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Radar Reviews: Mangoseed – ‘Dreamers’

Describing themselves as a melting pot of frantic energy and multi-culturalism that is so perfectly represented by their home city of London, Mangoseed are an alternative reggae fusion band that brings together different backgrounds, both ethnically and musically, to tie a relentless energy between brooding bass and progressive dub together. With several members hailing from different parts, from Ireland to Jamaica to Trinidad to Australia, Mangoseed aim to transcend the global sounds of Ska, Punk, Jungle and Funk with their latest 11-track release, ‘Dreamers’, a record that pokes fun at the current social zeitgeist.

Led by Nicholai La Barrie, the band establish political commentary as a running theme of their work, with Nicholai’s past projects including a stint as the director of ‘For The Culture – Celebrations Of Blackness’, the Lyric Hammersmith Theatre’s first festival celebrating black talent, in the wake of a year of civil unrest, and so his advocate work continues on ‘Dreamers’, an album where he dares to challenge the status quo.

He says, “Most of our lives are governed by some kind of political decision that we had nothing to do with. It’s really important to say that out loud and ask questions so we feel with and for people and bring them together. There is healing power in music. You can find bliss in everybody jumping, singing and dancing together”, in a press release.

The theme of outspoken frankness is most evident on ‘Empire’, a single that feels disjointed by design with a flickering synth intro transforming into a hypnotic blend of heavy dub and post-grunge guitar sprinklings. The next track – ‘Alternative Facts’ – is the lead single that is more danceable with a New Wave structure that still feels blunt in tone. ‘Lucy’, meanwhile, the fourth track, has a softer opening that pairs a more summer-suited reggae vibe with a memorable refrain of “Lucy gives me everything” as the drums and the bass kicks in. It precedes ‘Like Me Now’ to make up the first half of the ambitious album, a track that introduces harmonic backing vocals and a hazy snare drum beat to the fold as Nicholai questions the listener with the refrain of “Do you think that you like me now?” as the rhythms become more hypnotic than ever before.

Bridging together elements of psychedelic reggae with New-Wave synth-led arrangements in the first half of the record, Mangoseed continue to blend haunting arrangements with youthful lyrics in the second half of the album. It gets off to a melodic start on the title track, which allow you to take a light breather by transitioning between a shimmering synth intro and a symphony of mellow dub beats.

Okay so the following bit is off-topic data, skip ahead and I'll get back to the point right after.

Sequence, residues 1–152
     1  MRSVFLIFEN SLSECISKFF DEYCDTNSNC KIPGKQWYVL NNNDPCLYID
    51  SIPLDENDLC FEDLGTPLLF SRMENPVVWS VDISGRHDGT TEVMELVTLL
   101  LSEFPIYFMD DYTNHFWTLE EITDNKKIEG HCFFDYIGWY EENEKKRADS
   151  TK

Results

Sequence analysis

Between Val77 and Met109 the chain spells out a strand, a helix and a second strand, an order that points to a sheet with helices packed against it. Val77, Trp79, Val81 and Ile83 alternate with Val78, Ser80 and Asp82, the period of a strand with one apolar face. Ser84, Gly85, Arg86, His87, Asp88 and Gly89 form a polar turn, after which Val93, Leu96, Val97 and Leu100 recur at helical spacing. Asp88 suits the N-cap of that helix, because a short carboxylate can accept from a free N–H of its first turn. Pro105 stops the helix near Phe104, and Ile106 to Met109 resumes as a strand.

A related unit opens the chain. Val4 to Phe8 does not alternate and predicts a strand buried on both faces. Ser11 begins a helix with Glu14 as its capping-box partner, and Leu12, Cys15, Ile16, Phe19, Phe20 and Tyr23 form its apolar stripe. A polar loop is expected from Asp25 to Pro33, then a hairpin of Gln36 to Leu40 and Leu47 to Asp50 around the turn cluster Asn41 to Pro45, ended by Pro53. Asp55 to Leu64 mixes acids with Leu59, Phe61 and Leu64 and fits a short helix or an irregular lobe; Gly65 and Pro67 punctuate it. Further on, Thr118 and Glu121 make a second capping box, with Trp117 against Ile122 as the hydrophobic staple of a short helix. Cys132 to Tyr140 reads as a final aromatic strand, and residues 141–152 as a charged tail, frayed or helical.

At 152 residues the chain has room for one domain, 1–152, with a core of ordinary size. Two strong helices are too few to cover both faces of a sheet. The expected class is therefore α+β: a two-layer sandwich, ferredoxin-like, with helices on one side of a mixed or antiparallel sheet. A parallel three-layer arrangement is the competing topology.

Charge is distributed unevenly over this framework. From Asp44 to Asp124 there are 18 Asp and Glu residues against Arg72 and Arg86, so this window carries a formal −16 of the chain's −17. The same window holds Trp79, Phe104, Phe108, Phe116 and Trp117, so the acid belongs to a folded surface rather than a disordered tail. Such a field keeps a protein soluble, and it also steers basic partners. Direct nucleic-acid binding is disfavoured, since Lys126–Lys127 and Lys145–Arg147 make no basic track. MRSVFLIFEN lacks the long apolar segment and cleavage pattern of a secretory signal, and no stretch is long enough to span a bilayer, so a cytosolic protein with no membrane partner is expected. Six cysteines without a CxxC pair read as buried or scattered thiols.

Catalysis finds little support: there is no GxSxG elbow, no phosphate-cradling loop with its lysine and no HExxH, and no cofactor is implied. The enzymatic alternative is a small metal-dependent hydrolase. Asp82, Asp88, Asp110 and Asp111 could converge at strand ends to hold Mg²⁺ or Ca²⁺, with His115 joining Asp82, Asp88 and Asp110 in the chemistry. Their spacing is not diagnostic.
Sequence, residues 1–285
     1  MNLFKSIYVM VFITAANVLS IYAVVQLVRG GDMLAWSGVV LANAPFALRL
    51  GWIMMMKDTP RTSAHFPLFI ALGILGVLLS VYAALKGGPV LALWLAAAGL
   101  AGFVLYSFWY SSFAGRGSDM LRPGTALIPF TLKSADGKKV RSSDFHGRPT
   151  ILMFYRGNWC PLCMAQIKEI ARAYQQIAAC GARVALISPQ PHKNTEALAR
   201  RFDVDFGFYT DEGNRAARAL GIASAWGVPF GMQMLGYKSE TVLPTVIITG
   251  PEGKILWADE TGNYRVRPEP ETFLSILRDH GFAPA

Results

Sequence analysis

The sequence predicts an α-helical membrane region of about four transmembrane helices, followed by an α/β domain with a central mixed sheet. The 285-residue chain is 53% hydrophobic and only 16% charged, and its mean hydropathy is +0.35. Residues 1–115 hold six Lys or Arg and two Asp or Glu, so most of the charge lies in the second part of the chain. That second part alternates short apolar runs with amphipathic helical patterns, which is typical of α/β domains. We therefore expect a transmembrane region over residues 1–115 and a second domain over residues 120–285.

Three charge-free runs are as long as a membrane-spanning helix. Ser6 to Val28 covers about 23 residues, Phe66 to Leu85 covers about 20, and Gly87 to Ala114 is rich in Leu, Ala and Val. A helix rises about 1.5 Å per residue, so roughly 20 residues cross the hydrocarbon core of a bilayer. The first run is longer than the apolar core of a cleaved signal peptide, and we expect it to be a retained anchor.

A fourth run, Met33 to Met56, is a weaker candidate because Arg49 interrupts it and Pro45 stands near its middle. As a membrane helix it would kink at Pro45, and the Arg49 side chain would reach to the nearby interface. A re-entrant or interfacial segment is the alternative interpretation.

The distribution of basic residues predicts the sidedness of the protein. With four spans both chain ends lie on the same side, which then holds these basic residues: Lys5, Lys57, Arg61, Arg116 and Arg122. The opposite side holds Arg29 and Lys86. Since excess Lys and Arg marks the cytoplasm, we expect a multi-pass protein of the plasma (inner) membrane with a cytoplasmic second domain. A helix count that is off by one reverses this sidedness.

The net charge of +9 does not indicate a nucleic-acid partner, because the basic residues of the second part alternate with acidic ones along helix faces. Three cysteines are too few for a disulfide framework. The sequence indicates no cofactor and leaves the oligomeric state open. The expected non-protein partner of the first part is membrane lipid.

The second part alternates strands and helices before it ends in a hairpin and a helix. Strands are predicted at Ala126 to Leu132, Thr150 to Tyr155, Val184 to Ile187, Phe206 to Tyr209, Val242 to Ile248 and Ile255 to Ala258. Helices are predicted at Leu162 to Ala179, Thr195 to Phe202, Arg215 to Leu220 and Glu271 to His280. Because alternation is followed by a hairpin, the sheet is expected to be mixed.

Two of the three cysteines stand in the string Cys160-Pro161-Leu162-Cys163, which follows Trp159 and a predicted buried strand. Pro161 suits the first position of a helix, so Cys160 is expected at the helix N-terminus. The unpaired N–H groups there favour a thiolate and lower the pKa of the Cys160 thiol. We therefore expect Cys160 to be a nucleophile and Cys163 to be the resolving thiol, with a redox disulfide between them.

”Jah Jah’ evidently feels more focused in comparison to earlier cuts too with its spiraling mix of guitar strums and fluttering keys. ‘Black King’, however, is the track that feels rooted in classic jazz and dub traditions the most precisely with more romantic vocals. The penultimate track, ‘Water’, features the feel-good refrain of “Your heart turned ice to water” and continues to change the perceptions of Mangoseed being a chilling punk presence that you may have presumed after hearing the first half of the album, as the tone feels peaceful. It still feels connected thematically, however, with reverb-drenched drum beats that echo the darkness of their earlier work, as we lead into the closing stages of the record.

The closer is ‘Still Believe’, a track that connected the dots between the edgy Punk feel of the album’s first half and the lighter feel of the second nicely. It calls back to Khruangbin and Pachyman with the soulful fusion of radiant 70’s Rocksteady influences and the extensive lead guitar instrumentals working together harmoniously.

Interludes also lace the record together as one continuous listen. ‘Prologue’ is a spoken ballad about uplifting yourself that weaves through samples of weather news footage and a chattering Spoken Word intro. ‘Epilogue’, meanwhile, brings the record to a close with a blistering Dark synth-led outro that meets Nicholai’s narration of “So, I realized I was in a dream” with a poetic philosophy about idealizing your goals and seeing the wider picture of a socio-economic issue. Although they feel a bit inessential, they highlight the surprising amount of variety that awaits you in the album.

Overall, ‘Dreamers’ is an enjoyable record that boasts an energetic clash of sharp post-punk influences with heavy dub roots with neatly written, if not truly memorable, lyrics that wish for economic equality between different ethnic minorities and tell a tale of humbly devoting yourself to a cause that requires a community to see through, as opposed to the skill-set of just one individual. Most of the tracks are done in a similar style, with unpredictable shifts in tempo making it seem like a somewhat elusive listen. All in all, it is a record that is unlike anything else.

Words by Jacob Braybrooke

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